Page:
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To Begin At The Beginning

To begin at the beginning: on a mild late-July day in 2013, a completely unanticipated lightening bolt struck the Whaley Bridge Cricket Club website. Its implications were wrought through a note of apparent discord. That ‘bolt’ was in reality the article, ‘Any Thoughts?’, which soon became the prime mover in a debate that was almost immediately closed down by its own maladroit polemic. The substantive subject of a putative decline in cricket, compounded by the inability or reluctance to adapt to contemporaneous circumstances, was all too quickly lost. This occurred, not because of the response from two stakeholders of a generation which seemed to stand accused, but as a consequence of an inability on behalf of the debate’s progenitor to adapt to the course of the discussion. What followed was a fortification of the indictments against that same age group which proved, in an absolute sense, heuristically vapid. The silence that followed was perfectly deserved.


Now, after very nearly a year, the debate shows signs of having matured. Instead of further polemic, there has come an article which could potentially rekindle the dim light of progress. ‘A Lesson in Demography’ does its author little disservice, but the capacity for development, expansion, and deeper analysis is readily apparent; the article’s strength, to use the modern technological vernacular, lies in extensive plugin-ability. For example, the issues of competing sporting and cultural interests, of social change, of managing amateur community organisations, of globalisation and its implications for amateur sport, and finally – and perhaps most important of all – the format of cricket in the DCCL, could each warrant a treatise in themselves. Indeed, it is as a response to kite-flying around the last issue that the debate has been reinvigorated.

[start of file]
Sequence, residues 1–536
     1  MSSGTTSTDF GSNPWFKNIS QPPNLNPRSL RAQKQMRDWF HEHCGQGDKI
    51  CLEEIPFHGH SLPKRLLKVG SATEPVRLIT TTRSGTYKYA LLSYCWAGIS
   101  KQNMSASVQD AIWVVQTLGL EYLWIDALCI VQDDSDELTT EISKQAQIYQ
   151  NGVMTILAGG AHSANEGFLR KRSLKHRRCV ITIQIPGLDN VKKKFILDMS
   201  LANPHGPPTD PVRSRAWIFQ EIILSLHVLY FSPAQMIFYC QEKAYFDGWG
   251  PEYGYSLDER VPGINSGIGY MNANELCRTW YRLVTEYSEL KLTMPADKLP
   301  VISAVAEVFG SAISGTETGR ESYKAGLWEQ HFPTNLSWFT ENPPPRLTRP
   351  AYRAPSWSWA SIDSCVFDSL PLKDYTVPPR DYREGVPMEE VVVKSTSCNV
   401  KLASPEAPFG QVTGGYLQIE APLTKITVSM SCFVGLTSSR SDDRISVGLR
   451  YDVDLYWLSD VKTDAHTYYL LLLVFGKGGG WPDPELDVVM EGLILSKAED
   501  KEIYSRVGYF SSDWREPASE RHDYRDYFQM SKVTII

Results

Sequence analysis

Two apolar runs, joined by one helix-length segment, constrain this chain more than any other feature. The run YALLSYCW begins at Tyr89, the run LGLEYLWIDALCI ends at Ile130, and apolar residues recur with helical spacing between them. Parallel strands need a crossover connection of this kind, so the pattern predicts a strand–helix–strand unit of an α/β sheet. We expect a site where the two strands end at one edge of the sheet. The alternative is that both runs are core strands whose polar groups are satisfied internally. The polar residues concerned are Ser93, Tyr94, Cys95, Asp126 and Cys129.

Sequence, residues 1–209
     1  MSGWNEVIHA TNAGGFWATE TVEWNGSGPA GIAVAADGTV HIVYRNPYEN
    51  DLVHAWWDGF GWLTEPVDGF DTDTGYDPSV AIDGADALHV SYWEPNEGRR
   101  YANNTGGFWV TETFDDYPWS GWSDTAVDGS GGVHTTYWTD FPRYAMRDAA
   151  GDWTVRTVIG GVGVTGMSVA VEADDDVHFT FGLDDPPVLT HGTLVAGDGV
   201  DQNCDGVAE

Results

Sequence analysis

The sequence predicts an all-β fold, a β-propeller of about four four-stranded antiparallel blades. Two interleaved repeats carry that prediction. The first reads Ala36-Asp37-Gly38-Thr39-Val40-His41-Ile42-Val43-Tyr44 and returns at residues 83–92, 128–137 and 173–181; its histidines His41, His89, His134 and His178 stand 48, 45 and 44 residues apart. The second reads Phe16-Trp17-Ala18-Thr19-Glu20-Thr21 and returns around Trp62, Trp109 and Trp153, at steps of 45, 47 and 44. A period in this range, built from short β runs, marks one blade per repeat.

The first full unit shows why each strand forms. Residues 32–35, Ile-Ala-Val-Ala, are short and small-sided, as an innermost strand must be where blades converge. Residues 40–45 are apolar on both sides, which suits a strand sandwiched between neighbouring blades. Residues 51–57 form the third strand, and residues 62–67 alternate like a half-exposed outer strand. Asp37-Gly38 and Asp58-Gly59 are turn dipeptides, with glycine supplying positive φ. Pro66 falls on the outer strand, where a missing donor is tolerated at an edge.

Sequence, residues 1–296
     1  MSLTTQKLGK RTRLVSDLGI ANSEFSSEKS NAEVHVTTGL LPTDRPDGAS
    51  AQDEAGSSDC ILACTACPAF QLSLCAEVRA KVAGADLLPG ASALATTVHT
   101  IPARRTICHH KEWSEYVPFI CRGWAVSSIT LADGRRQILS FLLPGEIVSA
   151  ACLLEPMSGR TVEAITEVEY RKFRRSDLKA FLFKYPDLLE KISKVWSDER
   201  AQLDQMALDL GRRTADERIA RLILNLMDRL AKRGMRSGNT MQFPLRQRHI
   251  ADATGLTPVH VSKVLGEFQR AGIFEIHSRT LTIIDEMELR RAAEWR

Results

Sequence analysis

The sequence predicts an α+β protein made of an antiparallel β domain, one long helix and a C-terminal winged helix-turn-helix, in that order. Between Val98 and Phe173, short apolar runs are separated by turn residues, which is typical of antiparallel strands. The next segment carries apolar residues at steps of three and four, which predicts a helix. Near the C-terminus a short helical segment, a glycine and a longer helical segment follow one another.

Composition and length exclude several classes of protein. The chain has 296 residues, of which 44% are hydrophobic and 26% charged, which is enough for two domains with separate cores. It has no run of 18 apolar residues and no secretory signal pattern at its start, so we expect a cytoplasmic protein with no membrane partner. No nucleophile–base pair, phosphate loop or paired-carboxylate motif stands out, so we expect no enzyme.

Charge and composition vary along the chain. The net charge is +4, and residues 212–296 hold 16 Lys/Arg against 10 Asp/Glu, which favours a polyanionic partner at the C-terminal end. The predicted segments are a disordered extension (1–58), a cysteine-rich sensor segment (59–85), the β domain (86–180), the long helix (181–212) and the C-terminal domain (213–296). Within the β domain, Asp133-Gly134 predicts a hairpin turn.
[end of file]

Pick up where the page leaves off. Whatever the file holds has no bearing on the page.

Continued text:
Even more significantly, whether it has been the product of intent or of function, ‘A Lesson in Demography’ shows a significant willingness to engage with some of the methodological flaws which were identified in the immediate aftermath of the debate’s opening article. Gone is much of the didactic certainty of the whisky priest, replaced by a lucid certainty in the direction of the article’s self-contained argument. All this is to be received well, although it must be said that not all of the methodological holes have been filled. For instance, where in the latest article is the element that aims to demonstrate how the proposals included actually deal with the problems identified? If it cannot do this, then it has failed to make a point fundamental to its reason for being, so then why has it been written? If it cannot demonstrate, then how can it convince the open-minded or the dispassionate? If it cannot convince the dispassionate or the open minded, how can it make headway against the vociferously and diametrically opposed? If the article does not have pretentions in the direction of convincing either the opposed or the neutral, then why does the article exist at all?


I fear that ‘A Lesson in Demography’ may exist for the limited and ignoble intention of authorial prestidigitation. Certainly, for the closing comment, one can read: ‘I told you so’. All the great prestidigitators seize an opportunity to appear prescient post eventum. Perhaps we should consign its author to the ranks of the ‘future gazers’. Perhaps Mr Shaw has gone from being the Whaley Bridge Cricket Club’s Sir William Beveridge, to being its Nostradamus. I sincerely hope that this point is proved inaccurate by a measured and considered response. For the moment, however, I just cannot be Shaw.